Toms River Water Green: Is It Safe for Residents?

Residents in New Jersey are concerned that their water may be unsanitary after noticing it was not the normal, clear color. Instead, they were shocked to see that the water had taken on a green hue and wonder if the water is safe for them to continue using.

"The water is green coming out of the tap," Ed Lefebvre told CBS News. He first noticed the strange color two weeks ago and tried to fix it on his own by using chemicals. Nothing helped, he said.

He then turned to the water company, calling them time after time until he got the response he wanted, which was an agreement that they would test the water. A spokesman for the New Jersey American Water Company, which serves those in the Toms River area, has said that the tests show elevated levels of iron in the water.

"You would have to drink six gallons of water to equal what's in one multivitamin," Richard Barnes told NBC. The water's high iron content is not unsafe for consumption, he emphasized. Yet many, like Lefebvre, remain unconvinced.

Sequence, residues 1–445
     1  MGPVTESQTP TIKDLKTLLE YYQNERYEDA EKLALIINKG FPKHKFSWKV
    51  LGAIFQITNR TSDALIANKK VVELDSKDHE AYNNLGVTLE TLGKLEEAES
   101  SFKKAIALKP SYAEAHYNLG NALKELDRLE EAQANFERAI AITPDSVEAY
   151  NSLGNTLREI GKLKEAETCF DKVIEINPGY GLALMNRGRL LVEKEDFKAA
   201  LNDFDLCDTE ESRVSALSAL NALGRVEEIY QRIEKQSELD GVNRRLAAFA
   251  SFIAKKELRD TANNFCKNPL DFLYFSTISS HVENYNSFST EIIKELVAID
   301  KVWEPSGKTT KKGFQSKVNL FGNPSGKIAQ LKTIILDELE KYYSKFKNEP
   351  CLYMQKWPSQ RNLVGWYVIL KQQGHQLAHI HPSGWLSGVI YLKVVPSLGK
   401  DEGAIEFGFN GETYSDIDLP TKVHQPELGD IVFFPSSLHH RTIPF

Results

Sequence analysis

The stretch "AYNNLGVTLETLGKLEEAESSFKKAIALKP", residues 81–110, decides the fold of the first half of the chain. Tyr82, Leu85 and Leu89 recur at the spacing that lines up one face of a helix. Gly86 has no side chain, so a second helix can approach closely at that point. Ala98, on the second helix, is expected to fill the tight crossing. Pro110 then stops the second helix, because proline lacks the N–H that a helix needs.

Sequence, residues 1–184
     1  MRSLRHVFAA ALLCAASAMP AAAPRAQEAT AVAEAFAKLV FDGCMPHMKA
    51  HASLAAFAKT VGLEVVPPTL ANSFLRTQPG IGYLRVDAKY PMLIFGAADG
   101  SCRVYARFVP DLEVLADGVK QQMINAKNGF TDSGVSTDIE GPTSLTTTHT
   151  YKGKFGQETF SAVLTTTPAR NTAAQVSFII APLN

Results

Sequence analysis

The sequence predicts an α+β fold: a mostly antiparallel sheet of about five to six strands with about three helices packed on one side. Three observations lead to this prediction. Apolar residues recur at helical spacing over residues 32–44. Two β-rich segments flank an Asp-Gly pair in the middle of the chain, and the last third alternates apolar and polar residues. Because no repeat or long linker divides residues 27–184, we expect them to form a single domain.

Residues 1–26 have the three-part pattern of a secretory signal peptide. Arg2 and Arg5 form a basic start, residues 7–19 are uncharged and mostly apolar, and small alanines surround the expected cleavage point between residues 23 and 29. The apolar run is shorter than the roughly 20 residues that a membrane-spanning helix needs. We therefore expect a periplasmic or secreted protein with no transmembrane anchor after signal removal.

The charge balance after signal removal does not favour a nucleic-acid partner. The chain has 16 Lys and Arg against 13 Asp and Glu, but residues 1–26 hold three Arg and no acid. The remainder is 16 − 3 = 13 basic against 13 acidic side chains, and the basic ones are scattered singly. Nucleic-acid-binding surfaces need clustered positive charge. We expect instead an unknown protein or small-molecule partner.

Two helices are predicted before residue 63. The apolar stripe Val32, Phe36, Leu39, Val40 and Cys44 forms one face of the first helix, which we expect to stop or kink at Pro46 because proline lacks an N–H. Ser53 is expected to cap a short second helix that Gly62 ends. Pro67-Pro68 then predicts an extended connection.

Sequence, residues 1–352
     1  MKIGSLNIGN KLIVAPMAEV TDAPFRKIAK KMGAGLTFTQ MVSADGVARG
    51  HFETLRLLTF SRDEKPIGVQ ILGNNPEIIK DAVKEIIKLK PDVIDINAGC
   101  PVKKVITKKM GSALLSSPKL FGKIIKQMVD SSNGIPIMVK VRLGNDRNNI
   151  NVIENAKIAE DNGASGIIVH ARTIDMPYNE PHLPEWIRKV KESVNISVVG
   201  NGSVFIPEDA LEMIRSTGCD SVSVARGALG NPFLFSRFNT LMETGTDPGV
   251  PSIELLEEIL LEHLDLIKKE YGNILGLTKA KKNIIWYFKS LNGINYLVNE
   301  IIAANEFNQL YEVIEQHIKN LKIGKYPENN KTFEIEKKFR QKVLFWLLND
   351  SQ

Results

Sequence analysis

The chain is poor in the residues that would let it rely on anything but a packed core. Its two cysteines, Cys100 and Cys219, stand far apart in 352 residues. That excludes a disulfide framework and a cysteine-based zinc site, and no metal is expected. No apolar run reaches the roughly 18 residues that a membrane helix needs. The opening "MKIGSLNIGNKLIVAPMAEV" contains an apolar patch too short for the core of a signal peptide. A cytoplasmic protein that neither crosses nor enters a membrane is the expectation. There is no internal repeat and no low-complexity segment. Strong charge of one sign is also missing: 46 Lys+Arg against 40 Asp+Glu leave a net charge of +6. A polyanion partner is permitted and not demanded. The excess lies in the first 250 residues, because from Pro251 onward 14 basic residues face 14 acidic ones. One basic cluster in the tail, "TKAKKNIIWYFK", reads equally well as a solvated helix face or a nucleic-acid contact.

"I'm not convinced what they're saying is the gospel truth," he told CBS. "It's frightening to see this color water."

The water "meets the standards established by the New Jersey Department of Environmental Protection and the USEPA," a spokesperson from New Jersey American Water told CBS.

Others have speculated that the water color is due to oxidized copper or algae, and at least one person knows what the residents off Toms River are going through.

"I had green water in Maine from my new well," CBS user Frederick posted. "It was from ferrous iron in the water and at first, in small quantities could not be seen, however in larger quantities the green color was apparent."

"A water conditioner with 'greensand' will remove the iron," Frederick suggested. "Discolored clothes and bathtubs can be cleaned with a little oxalic acid in the rinse water. Better the water supplier fix their treatment though, it's not your responsibility to clean up your mess at your expense."